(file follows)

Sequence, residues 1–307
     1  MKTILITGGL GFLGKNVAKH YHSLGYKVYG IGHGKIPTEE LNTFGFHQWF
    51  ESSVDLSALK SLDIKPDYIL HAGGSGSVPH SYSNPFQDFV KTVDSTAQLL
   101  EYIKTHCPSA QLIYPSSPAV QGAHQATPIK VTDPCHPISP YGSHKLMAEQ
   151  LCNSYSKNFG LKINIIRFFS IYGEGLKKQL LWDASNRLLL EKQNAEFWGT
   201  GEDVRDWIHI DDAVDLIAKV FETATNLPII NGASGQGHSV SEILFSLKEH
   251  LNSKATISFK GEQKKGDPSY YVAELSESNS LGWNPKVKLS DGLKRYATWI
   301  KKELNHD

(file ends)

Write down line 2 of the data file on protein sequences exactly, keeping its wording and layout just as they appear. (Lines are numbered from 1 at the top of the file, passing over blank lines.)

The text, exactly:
     1  MKTILITGGL GFLGKNVAKH YHSLGYKVYG IGHGKIPTEE LNTFGFHQWF